When a site other than the target nucleotide sequence and the PAM sequence is used as the targeted site, these sequences may remain even after modification, and a nucleic acid base conversion reaction or a base excision reaction may occur due to a nucleic acid modifying enzyme and the like. Therefore, it is preferable to design the donor DNA such that these sequences would be removed, or introduce a silent mutation into the target nucleotide sequence or the PAM sequence on the homology arm.

An expression vector containing a DNA encoding a nucleic acid sequence-recognizing module and/or a nucleic acid base converting enzyme etc. can be produced, for example, by linking the DNA to the downstream of a promoter in a suitable expression vector.

As the expression vector, plasmids from Escherichia coli (e.g., pBR322, pBR325, pUC12, pUC13); plasmids from Bacillus subtilis (e.g., pUB110, pTP5, pC194); plasmids from yeast (e.g., pSH19, pSH15); insect cell expression plasmids (e.g., pFast-Bac); animal cell expression plasmids (e.g., pA1-11, pXT1, pRc/CMV, pRc/RSV, pcDNAI/Neo); bacteriophages such as λphage and the like; insect virus vectors such as baculovirus and the like (e.g., BmNPV, AcNPV); animal virus vectors such as retrovirus, vaccinia virus, adenovirus and the like, and the like are used.

As the promoter, any promoter appropriate for a host used for gene expression can be used. In a conventional method involving DSB, since the survival rate of the host cell sometimes decreases markedly due to the toxicity, it is desirable to increase the number of cells by the start of the induction by using an inductive promoter. However, since sufficient cell proliferation can also be achieved by expressing the nucleic acid-modifying enzyme complex of the present invention, a constitutive promoter can also be used without limitation.

For example, when the host is an animal cell, SRα promoter, SV40 promoter, LTR promoter, CMV (cytomegalovirus) promoter, RSV (Rous sarcoma virus) promoter, MoMuLV (Moloney mouse leukemia virus) LTR, HSV-TK (simple herpes virus thymidine kinase) promoter and the like are used. Of these, CMV promoter, SRα promoter and the like are preferable.

When the host is Escherichia coli, trp promoter, lac promoter, recA promoter, λPL promoter, lpp promoter, T7 promoter and the like are preferable.

When the host is genus Bacillus, SPO1 promoter, SPO2 promoter, penP promoter and the like are preferable.

When the host is a yeast, the Gal1/10 promoter, PHO5 promoter, PGK promoter, GAP promoter, ADH promoter and the like are preferable.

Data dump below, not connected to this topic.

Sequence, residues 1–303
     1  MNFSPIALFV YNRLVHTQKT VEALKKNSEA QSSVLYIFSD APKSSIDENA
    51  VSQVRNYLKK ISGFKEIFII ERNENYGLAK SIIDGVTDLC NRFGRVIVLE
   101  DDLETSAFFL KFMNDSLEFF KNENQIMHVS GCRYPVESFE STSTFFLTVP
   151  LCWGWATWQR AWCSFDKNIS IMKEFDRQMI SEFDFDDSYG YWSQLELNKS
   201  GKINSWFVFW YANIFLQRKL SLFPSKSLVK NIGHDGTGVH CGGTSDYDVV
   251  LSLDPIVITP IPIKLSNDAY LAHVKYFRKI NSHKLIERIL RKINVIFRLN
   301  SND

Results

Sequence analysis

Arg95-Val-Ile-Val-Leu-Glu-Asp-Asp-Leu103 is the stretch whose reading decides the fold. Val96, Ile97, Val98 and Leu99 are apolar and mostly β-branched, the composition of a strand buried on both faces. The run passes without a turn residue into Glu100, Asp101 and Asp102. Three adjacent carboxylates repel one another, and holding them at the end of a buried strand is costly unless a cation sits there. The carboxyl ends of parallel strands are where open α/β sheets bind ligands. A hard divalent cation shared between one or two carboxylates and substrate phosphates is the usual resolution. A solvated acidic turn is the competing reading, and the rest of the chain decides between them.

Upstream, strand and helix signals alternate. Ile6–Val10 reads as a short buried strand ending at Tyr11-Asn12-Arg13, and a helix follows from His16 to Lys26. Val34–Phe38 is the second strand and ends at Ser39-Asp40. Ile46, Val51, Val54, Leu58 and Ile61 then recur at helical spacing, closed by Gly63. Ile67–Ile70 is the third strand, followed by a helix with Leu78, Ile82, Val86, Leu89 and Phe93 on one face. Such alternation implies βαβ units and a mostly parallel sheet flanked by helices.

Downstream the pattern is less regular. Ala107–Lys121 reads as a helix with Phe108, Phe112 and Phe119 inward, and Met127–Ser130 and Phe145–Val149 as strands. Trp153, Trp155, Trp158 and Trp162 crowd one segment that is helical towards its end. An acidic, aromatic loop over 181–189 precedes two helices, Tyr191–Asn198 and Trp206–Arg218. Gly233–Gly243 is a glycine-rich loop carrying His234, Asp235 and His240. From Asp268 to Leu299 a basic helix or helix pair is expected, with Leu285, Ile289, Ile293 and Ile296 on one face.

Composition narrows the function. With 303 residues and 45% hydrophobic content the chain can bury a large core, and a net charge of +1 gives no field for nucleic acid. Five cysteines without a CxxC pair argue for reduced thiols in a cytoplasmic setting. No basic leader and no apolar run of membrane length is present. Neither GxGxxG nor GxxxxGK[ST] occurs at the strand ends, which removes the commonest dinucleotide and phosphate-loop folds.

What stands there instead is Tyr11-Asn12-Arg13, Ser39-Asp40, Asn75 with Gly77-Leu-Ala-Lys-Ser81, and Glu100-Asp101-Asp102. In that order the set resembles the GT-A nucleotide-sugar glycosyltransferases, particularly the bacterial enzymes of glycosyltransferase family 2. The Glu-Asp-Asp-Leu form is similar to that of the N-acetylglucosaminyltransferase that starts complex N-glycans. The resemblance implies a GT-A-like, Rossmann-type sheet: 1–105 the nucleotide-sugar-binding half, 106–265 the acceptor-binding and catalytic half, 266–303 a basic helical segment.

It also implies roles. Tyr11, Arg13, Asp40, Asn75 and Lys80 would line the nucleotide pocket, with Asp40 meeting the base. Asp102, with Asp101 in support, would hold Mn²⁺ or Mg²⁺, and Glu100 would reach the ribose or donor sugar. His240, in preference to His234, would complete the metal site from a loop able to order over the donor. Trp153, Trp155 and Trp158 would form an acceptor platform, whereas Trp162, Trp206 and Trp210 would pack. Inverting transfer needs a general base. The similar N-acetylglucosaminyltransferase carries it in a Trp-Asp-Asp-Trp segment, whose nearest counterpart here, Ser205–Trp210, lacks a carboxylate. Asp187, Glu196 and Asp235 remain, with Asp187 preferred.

When the host is an insect cell, a polyhedrin promoter, P10 promoter and the like are preferable.

When the host is a plant cell, CaMV35S promoter, CaMV19S promoter, NOS promoter and the like are preferable.

As the expression vector, besides those mentioned above, one containing an enhancer, a splicing signal, a terminator, a polyA addition signal, a selection marker such as drug resistance gene, an auxotrophic complementary gene and the like, a replication origin and the like on demand can be used.

An RNA encoding a nucleic acid sequence-recognizing module and/or a nucleic acid base converting enzyme etc. can be prepared by, for example, transcription to mRNA in an in vitro transcription system known per se by using a vector encoding DNA encoding the above-mentioned nucleic acid sequence-recognizing module and/or a nucleic acid base converting enzyme etc. as a template.

A complex of a nucleic acid sequence-recognizing module and a nucleic acid base converting enzyme etc. can be intracellularly expressed by introducing an expression vector containing a DNA encoding a nucleic acid sequence-recognizing module and/or a nucleic acid base converting enzyme etc. into a host cell, and culturing the host cell.

As the host, genus Escherichia, genus Bacillus, yeast, insect cell, insect, animal cell and the like are used.

As the genus Escherichia, Escherichia coli K12●DH1 [Proc. Natl. Acad. Sci. USA, 60, 160 (1968)], Escherichia coli JM103 [Nucleic Acids Research, 9, 309 (1981)], Escherichia coli JA221 [Journal of Molecular Biology, 120, 517 (1978)], Escherichia coli HB101 [Journal of Molecular Biology, 41, 459 (1969)], Escherichia coli C600 [Genetics, 39, 440 (1954)] and the like are used.

As the genus Bacillus, Bacillus subtilis MI114 [Gene, 24, 255 (1983)], Bacillus subtilis 207-21 [Journal of Biochemistry, 95, 87 (1984)] and the like are used.

As the yeast, Saccharomyces cerevisiae AH22, AH22R, NA87-11A, DKD-5D, 20B-12, Schizosaccharomyces pombe NCYC1913, NCYC2036, Pichia pastoris KM71 and the like are used.

As the insect cell, when the virus is AcNPV, cells of established line from cabbage armyworm larva (Spodoptera frugiperda cell; Sf cell), MG1 cells from the mid-intestine of Trichoplusia ni, High Five™ cells from an egg of Trichoplusia ni, cells from Mamestra brassicae, cells from Estigmena acrea and the like are used. When the virus is BmNPV, cells of established line from Bombyx mori (Bombyx mori N cell; BmN cell) and the like are used as insect cells. As the Sf cell, for example, Sf9 cell (ATCC CRL1711), Sf21 cell [all above, In Vivo, 13, 213-217 (1977)] and the like are used.

As the insect, for example, larva of Bombyx mori, Drosophila, cricket and the like are used [Nature, 315, 592 (1985)].